Blackstone Group LP units slid 5.2 percent on Tuesday, closing below the $31 price the private equity giant fetched in its initial public offering last week, as investors fretted the private equity boom may have peaked.

The units closed down $1.69 at $30.75, after earlier falling as low as $30.32. They had risen 13 percent in their market debut on Friday.

Some observers attributed this week's weakness to concerns about Blackstone's lofty valuation and a bill in Congress that would raise the tax rate on the profits of publicly traded private equity firms to 35 percent from 15 percent.

That's a little contagion there, said Elliot Spar, market strategist with Ryan Beck & Co. in New York. There's some people who think the top of the private equity binge was marked when Blackstone became public.

Robert Willens, an accounting and tax analyst at Lehman Brothers in New York, added: It's possible that (investors) are also worried about the possibility that the deal activity may dry up with the increase in interest rates.

In a sign of how deals are getting tougher to complete, Dutch supermarket chain Ahold's U.S. Foodservice has postponed the financing backing its $7.1 billion leveraged buyout by Blackstone rivals Clayton, Dubilier & Rice and Kohlberg, Kravis & Roberts due to weak market conditions, sources told Reuters Loan Pricing Corp. on Tuesday.

Another fear may be that Washington will look for new ways to tap private equity and hedge fund riches, beyond the threat of raising the tax rate.

Blackstone Chief Executive Stephen Schwarzman's personal stake in the firm he co-founded rose by $1 billion to $8.75 billion on Friday, based on the units' closing price of $35.06.

At Tuesday's close, Schwarzman's stake would be worth less than $7.7 billion.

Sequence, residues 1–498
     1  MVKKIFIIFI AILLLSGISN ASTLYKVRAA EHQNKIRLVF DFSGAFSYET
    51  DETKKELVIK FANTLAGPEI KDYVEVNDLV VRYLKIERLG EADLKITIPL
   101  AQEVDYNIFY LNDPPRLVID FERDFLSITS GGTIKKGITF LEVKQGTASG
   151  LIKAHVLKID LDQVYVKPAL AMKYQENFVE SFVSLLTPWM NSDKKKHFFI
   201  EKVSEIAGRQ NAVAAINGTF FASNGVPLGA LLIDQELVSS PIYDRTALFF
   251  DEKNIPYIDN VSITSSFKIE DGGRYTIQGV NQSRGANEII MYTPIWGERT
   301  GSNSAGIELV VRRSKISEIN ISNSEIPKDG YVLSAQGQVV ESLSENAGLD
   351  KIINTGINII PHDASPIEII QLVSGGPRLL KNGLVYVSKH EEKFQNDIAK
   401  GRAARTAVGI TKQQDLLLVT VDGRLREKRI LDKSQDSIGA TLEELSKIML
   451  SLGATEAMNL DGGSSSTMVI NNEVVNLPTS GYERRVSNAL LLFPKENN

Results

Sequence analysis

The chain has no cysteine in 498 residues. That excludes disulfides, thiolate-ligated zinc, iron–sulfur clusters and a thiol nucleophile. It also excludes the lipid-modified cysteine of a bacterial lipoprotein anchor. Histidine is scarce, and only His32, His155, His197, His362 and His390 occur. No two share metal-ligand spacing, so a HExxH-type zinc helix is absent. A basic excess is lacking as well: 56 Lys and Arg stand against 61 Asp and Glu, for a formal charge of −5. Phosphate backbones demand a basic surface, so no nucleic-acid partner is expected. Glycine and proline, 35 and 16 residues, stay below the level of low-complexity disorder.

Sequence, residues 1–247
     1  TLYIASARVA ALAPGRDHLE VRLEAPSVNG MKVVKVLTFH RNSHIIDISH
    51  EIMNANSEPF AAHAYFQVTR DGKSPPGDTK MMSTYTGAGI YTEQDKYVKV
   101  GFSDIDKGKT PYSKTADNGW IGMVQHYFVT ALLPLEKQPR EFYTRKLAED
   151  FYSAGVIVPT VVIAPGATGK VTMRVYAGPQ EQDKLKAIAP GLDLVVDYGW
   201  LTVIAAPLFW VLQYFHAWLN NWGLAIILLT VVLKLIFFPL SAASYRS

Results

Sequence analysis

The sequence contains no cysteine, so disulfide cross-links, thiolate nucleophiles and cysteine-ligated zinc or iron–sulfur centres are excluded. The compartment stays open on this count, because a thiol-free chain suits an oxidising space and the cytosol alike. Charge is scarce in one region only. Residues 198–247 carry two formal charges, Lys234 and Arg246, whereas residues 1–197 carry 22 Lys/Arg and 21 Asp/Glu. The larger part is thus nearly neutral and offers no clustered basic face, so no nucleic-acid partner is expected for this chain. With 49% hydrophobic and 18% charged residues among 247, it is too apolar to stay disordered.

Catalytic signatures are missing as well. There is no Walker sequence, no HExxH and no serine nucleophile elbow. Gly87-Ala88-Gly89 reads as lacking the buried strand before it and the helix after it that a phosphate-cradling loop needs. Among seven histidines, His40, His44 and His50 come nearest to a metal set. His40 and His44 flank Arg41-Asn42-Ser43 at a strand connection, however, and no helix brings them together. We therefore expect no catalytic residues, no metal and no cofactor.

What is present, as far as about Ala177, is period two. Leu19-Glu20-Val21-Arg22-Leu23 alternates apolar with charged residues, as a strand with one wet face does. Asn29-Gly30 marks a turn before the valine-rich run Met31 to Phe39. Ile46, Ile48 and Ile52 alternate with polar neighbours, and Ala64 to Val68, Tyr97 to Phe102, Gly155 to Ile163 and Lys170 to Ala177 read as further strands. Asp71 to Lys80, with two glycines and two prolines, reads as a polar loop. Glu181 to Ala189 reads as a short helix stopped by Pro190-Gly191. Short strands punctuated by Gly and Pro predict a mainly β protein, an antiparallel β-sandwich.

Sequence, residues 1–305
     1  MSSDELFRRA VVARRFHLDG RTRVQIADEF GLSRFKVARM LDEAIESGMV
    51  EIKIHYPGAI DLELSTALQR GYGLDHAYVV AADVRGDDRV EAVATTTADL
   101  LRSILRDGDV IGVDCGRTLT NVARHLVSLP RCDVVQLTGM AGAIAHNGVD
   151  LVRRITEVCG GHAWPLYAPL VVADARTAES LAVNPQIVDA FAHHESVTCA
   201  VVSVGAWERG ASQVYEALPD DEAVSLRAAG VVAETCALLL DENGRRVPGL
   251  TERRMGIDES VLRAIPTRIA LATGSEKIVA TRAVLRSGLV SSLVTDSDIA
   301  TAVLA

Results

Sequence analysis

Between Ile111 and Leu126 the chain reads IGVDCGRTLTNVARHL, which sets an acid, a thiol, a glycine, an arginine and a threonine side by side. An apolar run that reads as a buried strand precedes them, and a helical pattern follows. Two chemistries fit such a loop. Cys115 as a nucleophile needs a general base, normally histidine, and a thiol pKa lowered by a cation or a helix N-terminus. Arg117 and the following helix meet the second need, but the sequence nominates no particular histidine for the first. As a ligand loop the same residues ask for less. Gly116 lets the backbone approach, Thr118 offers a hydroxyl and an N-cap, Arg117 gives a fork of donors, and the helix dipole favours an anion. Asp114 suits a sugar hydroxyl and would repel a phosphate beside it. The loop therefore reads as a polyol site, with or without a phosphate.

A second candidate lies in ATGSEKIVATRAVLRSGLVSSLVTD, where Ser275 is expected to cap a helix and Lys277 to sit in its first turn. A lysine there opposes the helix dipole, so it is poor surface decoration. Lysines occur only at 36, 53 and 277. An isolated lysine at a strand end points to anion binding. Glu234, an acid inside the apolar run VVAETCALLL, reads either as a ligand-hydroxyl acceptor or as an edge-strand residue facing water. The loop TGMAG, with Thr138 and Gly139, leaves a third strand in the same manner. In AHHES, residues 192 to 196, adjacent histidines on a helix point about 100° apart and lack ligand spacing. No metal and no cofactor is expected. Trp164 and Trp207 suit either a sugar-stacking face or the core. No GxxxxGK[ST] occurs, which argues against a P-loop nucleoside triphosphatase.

Shares of New York-based hedge fund Fortress Investment Group LLC also declined, closing down 95 cents or 4.1 percent lower at $22.30, after earlier hitting a record low of $21.90.

The shares have been moving lower since June 15, when the threat of higher taxes first surfaced in Washington. Fortress went public in February at $18.50 a share and closed at $31 on its first day of trading.

There's sort of an unspecified fear that Congress is going to do more to impede (hedge fund and private equity firms) ... that somehow they've got the deal activity in their sights or that they could do something that is far more comprehensive, Willens said. I'm getting a lot of panicky calls about that.

Separately on Tuesday, U.S. Securities and Exchange Commission Chairman Christopher Cox said Blackstone did not have to register as an investment company because it simply manages funds that invest in other companies.

Wall Street analysts had expressed concerns prior to Blackstone's initial public offering last week that the private equity firm may have been on shaky ground in arguing it was not an investment company in its prospectus.

But Cox said the SEC's enforcement division found the company fails tests that would force it to register under the 1940 Investment Company Act.

Francis Gaskins, president of IPO research firm, said a shortage of big deals in the United States, compounded by more and more private equity money chasing fewer and fewer deals, has led to a move by management to cash out. They want to get liquid, he said.

Blackstone trades units, instead of shares, because the firm took part of its private partnership public, a difference from a standard IPO.

(Additional reporting by Ellis Mnyandu and Emily Chasan)